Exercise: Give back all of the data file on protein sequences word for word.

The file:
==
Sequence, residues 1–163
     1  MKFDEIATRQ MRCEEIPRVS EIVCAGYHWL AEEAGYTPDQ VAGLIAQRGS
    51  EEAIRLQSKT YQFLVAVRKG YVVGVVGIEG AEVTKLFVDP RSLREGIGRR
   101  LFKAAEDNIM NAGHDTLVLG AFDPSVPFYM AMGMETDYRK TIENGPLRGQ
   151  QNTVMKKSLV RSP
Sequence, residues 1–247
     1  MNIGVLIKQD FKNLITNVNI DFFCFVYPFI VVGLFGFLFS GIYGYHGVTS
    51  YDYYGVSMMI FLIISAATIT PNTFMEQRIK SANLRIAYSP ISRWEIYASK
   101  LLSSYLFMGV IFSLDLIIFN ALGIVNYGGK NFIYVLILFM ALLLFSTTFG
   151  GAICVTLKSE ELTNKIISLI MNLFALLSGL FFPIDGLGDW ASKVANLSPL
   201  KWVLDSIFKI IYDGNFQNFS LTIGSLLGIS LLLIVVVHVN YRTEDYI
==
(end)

Sequence, residues 1–163
     1  MKFDEIATRQ MRCEEIPRVS EIVCAGYHWL AEEAGYTPDQ VAGLIAQRGS
    51  EEAIRLQSKT YQFLVAVRKG YVVGVVGIEG AEVTKLFVDP RSLREGIGRR
   101  LFKAAEDNIM NAGHDTLVLG AFDPSVPFYM AMGMETDYRK TIENGPLRGQ
   151  QNTVMKKSLV RSP
Sequence, residues 1–247
     1  MNIGVLIKQD FKNLITNVNI DFFCFVYPFI VVGLFGFLFS GIYGYHGVTS
    51  YDYYGVSMMI FLIISAATIT PNTFMEQRIK SANLRIAYSP ISRWEIYASK
   101  LLSSYLFMGV IFSLDLIIFN ALGIVNYGGK NFIYVLILFM ALLLFSTTFG
   151  GAICVTLKSE ELTNKIISLI MNLFALLSGL FFPIDGLGDW ASKVANLSPL
   201  KWVLDSIFKI IYDGNFQNFS LTIGSLLGIS LLLIVVVHVN YRTEDYI